Unwind taut mind.
Leave all behind.
Your true self find.
Integrity comes, says inspirational author Alan Cohen, “when the life you are living on the outside matches who you are on the inside.”
Juliana Howard’s Catie the Copycat
In 2010, songwriter and poet Juliana Howard published Catie the Copycat. The story, beautifully illustrated by her granddaughter Sophia Heymans, introduces readers to a child searching for external approval, who comes to understand that her own uniqueness—the truth inside her heart—is the source of her beauty and her strength.
She had written that story twenty years earlier as an insight gleaned from a retreat experience. Then she tucked it away while she focused on writing music for and directing the children’s singing group, The Crayons, who from 1986-1999 performed throughout central Minnesota and beyond, and even toured to Washington D.C.
World Library Publications’ website says that Juliana Howard’s “music for children…conveys messages of love, peace, understanding and compassion, as well as fun. Her songs present scriptural truths and solid teachings about self-esteem through energetic rhythm and movement that both enlighten and entertain.”
When her granddaughter Katie (Howard) Dunnivant spent time as a student in Chile, she sent Juliana these lines from a Pablo Neruda poem:
Yo to he nombrado Riena. (I have named you Queen.)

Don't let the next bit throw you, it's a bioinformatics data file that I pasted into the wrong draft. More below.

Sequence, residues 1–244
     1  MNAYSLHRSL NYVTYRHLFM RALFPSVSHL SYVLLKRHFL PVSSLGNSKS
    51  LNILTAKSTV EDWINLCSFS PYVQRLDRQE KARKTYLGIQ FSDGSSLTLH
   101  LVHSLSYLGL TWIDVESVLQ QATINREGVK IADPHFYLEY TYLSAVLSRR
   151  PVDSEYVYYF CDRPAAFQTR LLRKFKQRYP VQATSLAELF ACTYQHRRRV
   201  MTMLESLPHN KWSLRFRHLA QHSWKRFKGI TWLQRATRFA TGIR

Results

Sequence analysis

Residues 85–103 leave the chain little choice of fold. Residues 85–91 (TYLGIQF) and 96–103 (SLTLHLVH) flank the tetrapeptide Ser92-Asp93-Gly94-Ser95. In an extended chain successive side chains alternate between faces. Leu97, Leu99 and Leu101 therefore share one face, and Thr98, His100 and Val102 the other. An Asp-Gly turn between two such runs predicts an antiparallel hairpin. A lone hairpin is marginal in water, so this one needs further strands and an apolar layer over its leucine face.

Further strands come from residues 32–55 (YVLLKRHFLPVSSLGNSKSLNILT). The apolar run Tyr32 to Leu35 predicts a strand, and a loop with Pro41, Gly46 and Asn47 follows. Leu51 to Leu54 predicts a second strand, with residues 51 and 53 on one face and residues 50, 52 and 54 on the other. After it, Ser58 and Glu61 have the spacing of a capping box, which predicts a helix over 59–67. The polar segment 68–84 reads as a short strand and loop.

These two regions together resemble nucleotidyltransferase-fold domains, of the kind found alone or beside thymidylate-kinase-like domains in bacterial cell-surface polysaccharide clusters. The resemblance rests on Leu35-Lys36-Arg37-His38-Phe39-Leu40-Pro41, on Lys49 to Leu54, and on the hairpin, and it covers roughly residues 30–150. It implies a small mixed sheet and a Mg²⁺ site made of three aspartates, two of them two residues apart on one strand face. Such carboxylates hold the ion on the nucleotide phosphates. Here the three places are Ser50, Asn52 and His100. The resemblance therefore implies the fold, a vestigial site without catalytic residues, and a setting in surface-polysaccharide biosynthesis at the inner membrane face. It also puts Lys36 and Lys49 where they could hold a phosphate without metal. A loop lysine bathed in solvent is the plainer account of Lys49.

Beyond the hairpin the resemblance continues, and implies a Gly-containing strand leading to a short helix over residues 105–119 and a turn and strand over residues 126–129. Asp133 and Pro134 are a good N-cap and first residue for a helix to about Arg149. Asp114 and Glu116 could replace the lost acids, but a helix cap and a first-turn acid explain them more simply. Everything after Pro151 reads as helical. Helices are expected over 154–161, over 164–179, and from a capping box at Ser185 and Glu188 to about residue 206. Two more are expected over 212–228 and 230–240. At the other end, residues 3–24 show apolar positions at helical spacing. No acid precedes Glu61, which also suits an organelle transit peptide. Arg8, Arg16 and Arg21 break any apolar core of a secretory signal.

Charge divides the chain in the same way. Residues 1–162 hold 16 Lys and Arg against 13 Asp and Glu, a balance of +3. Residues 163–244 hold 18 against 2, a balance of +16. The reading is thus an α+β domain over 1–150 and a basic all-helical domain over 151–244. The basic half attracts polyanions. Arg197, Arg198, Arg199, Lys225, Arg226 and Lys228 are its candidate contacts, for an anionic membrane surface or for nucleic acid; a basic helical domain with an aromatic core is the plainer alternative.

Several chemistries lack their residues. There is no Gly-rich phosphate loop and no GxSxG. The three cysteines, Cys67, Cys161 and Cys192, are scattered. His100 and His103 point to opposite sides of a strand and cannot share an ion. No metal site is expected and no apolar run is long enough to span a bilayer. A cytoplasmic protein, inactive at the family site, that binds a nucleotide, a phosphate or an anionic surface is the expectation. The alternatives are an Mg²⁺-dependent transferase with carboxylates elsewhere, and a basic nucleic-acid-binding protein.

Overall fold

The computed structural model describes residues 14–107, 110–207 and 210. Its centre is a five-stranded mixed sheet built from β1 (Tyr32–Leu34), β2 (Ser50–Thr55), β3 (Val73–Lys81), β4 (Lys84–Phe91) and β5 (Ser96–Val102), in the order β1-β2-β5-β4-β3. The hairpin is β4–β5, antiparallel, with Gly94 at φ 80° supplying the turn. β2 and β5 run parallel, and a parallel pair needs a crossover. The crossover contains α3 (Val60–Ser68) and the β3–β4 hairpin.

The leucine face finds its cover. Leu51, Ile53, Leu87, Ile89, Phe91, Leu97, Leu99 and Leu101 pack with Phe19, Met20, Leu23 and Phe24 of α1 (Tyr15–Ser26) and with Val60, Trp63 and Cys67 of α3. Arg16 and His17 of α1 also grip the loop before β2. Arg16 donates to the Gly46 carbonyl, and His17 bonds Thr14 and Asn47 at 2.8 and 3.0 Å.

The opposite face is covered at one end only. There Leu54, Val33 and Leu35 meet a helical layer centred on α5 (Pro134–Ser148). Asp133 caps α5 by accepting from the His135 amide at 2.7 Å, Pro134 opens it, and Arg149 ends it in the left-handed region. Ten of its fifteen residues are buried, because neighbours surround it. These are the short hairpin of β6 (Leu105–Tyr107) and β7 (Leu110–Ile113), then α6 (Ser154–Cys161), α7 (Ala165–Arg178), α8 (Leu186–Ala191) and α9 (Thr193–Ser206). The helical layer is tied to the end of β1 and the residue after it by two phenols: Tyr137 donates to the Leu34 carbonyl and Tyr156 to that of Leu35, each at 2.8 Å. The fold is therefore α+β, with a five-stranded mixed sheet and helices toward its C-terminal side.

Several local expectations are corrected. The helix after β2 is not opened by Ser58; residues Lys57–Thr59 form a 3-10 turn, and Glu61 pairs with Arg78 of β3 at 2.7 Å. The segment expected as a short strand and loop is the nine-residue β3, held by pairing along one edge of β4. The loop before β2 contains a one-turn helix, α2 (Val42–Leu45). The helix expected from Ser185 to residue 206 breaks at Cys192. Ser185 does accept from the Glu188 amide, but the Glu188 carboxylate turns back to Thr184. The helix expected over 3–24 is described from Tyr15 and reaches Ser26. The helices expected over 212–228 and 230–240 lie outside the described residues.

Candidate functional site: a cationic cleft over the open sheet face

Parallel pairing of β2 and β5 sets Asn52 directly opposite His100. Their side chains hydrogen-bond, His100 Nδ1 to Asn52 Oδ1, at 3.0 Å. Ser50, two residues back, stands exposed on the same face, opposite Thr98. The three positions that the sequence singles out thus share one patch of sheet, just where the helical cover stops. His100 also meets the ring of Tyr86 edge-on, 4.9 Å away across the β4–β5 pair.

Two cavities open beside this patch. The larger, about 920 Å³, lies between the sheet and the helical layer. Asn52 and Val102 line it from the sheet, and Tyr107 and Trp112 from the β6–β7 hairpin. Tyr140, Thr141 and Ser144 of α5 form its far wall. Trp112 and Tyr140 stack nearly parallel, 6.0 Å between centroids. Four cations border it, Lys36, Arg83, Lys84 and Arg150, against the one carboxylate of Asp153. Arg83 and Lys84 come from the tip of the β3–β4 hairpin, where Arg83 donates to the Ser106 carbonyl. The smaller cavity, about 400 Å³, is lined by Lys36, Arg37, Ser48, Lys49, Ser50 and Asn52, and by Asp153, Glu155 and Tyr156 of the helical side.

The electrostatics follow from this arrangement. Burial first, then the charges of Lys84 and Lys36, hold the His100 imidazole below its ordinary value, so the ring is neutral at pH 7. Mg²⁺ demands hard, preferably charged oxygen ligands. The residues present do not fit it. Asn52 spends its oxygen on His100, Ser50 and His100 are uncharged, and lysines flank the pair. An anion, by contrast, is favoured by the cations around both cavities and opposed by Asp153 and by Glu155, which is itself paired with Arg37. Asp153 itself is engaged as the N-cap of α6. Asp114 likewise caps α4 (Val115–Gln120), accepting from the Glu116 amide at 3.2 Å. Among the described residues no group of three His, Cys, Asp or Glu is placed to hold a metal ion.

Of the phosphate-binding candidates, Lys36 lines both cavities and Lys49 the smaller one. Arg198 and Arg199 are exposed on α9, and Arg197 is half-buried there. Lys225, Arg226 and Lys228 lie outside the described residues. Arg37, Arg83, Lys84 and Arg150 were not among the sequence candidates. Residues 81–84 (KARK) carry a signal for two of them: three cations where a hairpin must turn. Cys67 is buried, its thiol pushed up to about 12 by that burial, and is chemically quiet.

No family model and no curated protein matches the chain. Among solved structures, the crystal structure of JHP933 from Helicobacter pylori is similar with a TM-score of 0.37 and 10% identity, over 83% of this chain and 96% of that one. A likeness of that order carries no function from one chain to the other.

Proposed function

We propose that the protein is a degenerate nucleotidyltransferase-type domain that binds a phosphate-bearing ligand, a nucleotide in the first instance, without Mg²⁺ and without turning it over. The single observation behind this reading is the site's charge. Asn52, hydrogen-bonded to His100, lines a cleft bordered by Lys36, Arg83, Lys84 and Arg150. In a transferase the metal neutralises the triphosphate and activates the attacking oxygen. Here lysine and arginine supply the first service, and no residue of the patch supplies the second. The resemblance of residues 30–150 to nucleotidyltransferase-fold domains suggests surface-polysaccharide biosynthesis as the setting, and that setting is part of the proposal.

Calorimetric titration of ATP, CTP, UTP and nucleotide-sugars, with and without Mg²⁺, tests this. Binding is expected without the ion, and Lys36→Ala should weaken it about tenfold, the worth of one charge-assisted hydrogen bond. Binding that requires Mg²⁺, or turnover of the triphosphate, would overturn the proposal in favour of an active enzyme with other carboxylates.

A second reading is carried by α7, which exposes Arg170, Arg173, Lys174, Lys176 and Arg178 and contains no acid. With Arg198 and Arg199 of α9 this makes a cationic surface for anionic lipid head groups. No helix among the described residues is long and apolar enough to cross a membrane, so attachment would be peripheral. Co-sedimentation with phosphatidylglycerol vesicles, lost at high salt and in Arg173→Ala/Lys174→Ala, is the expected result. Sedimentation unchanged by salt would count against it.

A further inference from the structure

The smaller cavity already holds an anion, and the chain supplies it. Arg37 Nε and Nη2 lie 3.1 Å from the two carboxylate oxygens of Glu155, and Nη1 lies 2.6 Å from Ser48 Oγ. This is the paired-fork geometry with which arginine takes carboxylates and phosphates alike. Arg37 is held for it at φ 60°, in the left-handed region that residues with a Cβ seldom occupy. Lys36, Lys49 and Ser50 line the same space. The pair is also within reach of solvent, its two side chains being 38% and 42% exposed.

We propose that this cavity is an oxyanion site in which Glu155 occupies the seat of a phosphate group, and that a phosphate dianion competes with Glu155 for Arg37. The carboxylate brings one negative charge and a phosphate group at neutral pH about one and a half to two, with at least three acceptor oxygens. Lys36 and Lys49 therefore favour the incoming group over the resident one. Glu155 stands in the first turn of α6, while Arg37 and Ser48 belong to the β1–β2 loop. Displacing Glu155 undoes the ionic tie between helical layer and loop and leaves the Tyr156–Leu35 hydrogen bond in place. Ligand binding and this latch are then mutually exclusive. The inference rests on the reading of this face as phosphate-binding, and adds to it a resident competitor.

Hay más alta que tú, más altas. (There are others above you, much above.)
Hay más puras que tú, más puras. (There are others purer than you, more pure.)
Hay más bellas que tú, más bellas. (There are others more beautiful than you, more beautiful.)
Pero tú eres la reina. (But you are the queen.)
The poem, written in Spanish on a thin board, served Juliana as a kind of sign. She was struck by Neruda’s line, “You are the Queen,” because she had written that same line into her story. Like a postcard arriving from her true self, Neruda’s poem from her granddaughter made clear it was time to let that little story, which she dedicates to her grandchildren, move out its dark closet and into the world, to live there and shine its light.
“Grandma Juliana is one of the most independent people I know,” Sophia Heymans wrote to me. Sophia was an art student at the prestigious Rhode Island School of Design (RISD, pronounced Rizdee) when she worked with her grandmother’s poem to illustrate Catie the Copycat. Now she’s a professional, full time artist, living in Brooklyn. She credits Juliana’s influence for the courage to follow her dreams.